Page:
Effect of Supplemental Oxygen on Risk of Surgical Wound Infection


  • Din Muhammad Jamali, Ibad Ur Rahman, Hafiz Muhammad Ijazulhaq, Javeria Manzoor, Khurram Liaqat, Farah Naz




Background: There is a risk of different complication after the surgery but delaying in wound healing or infection is one of most common risk. Oxidative killing is a process of tissues partial pressure of oxygen throughout the observed values ranges. The main defense against foreign particles in result of surgery is oxidative killing through neutrophils.  In a study by Greif et al4 indicated oxygen 80% during the surgery and after 2 hours later of surgery 50% risk get lesser as compared to the patient who had administrated with 30% oxygen.4 Another study proved that chances of risk for infection get increase in patients who were administrated oxygen 11 % as compared to the patients with 25% oxygen administration.5

      The current study was conducted to test the hypothesis that supplemental oxygen decreases the risk of post-operative wound infection.

Objective: The objective of the study was to determine the effects of supplemental oxygen on risk of surgical wound infection.

Materials and Methodology: A randomized Clinical Trial- double- blinded was conducted at DHQ hospital, Karachi from March 1, 2011 to October, 31, 2016. A total of 300 subjects with age around 18 to 80 years who underwent elective colorectal surgery and satisfying the inclusion and exclusion criteria were recruited in the study. Non-probability Purposive sampling technique was used to collect the data. Double-blinded technique was used. Blinded investigators diagnosed the wounds infection by following the criteria of centers of disease control and prevention. Patients were randomly allocated in two groups by sealed-envelope method. Baseline assessment was performed on each patient which included patient’s medical history, physical examination and Lab tests i.e. complete blood picture and biochemical analysis. Characteristics for patient’s baseline and aesthetic treatment were confound factors. 3rd generation antibiotics cephalosporin were administrated 1 to 2 hours before of surgery. Patients of Group 1 received   oxygen fraction of inspired oxygen FIO2 of 30 and group 2 of 80 percent. Randomly chosen concentration flow of oxygen 16l/min was given. Patient was breathing ambient air. Supplemental oxygen was given to maintain the patient’s oxygen saturation to 92% that is measured by pulse oximetry. Patient’s treatment was slandered with antibiotics and anesthesia administration. For wound evaluation, tools used were National nosocomial infection surveillance scale 6 and Efficacy of infection control,7  Wounds were checked for infection on daily basis by surgeons who were blinded.  And wound thought to be infected when they full fill the criteria of Centers for Disease control and prevention standard.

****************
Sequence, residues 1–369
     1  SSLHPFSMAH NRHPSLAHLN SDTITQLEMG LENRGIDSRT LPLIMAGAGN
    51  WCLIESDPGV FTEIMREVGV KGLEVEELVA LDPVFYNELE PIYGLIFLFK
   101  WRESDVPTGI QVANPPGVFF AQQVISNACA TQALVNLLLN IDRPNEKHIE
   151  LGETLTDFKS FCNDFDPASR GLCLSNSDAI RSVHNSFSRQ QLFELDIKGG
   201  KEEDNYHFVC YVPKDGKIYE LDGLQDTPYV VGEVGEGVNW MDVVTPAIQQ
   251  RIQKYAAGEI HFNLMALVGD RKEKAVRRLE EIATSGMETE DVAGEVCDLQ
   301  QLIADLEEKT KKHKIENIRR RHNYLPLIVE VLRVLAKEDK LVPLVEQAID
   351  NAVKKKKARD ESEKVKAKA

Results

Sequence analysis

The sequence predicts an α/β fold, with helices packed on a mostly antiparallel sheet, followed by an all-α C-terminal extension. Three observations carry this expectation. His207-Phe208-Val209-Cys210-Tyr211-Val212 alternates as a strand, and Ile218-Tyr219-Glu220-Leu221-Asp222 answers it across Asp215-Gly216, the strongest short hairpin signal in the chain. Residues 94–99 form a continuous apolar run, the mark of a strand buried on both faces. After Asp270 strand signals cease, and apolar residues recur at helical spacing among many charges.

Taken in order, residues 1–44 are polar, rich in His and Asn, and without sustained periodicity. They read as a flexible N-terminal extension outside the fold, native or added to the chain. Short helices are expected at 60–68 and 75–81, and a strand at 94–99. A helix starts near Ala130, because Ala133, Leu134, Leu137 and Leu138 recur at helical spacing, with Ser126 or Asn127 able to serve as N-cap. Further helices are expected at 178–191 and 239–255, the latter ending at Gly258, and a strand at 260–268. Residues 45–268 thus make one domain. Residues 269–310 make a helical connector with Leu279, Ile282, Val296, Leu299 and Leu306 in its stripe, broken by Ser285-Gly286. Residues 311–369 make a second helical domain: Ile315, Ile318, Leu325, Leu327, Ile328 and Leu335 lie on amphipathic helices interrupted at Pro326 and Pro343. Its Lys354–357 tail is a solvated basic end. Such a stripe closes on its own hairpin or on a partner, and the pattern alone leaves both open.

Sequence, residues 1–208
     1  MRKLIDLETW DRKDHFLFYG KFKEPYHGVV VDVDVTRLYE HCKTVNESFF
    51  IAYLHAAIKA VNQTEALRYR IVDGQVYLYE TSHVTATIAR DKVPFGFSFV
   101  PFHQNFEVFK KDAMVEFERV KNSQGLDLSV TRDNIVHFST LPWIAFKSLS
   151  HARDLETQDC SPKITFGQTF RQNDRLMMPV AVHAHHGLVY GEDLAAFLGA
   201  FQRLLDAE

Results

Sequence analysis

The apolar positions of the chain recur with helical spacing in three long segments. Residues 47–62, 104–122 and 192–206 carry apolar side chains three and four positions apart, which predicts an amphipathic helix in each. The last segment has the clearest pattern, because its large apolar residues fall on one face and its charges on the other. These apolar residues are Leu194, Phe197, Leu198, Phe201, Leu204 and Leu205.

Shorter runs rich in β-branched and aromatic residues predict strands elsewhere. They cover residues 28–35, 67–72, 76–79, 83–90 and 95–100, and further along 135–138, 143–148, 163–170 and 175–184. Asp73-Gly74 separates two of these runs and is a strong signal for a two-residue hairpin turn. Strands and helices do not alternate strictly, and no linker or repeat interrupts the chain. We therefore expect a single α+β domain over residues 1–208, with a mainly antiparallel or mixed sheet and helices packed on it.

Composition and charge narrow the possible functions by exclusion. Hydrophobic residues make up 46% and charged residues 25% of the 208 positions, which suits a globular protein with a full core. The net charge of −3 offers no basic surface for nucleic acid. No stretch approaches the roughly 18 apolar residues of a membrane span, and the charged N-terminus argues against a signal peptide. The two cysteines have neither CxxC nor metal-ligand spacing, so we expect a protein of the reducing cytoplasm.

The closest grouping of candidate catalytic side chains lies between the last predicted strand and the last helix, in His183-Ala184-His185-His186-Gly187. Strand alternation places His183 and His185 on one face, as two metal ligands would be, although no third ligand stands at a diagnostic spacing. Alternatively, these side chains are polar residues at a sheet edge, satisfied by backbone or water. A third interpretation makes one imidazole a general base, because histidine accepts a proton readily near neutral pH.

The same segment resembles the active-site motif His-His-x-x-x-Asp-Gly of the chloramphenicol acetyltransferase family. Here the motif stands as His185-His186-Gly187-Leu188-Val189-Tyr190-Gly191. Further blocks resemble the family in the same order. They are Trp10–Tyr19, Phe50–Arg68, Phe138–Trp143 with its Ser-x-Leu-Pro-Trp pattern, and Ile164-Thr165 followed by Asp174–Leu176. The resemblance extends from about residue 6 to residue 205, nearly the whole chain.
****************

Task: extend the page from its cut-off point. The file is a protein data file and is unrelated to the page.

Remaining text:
Main outcome measure was surgical site for infection and secondary outcomes were recovery of bowl function, duration of hospital stay, ambulation and ability to absorb the solid food.

Statistical Analysis: Analysis was done on SPSS by applying parametric and non-parametric test according to normality.

Results: Results showed no significant difference in %age Surgical infection site, Daily ASEPSIS value ≥20 at any time  (p-value<0.06), Admission in ICU  (p-value= 0.74), Bowel function recovery (p-value=0.74), Solid food intake (p-value=0.54), Walking (p-value=0.57), Removal of Staples( 0.72), Duration of post-surgery hospitalization(p-value=0.09) of both the groups as p-value >0.05 of all variables.

      Practical implication: If we provide pre-operative supplemental oxygen it will be helpful to decrease SSI.

Conclusion: Patients who received supplemental oxygen showed significantly decrease in the risk of wound infection. Hence, Pre-operative supplemental oxygen proved to be an effective intervention to decrease SSI in the patients having rectal or colon surgery.

Keywords: ASEPSIS, Surgical Wound, Infection, Supplemental Oxygen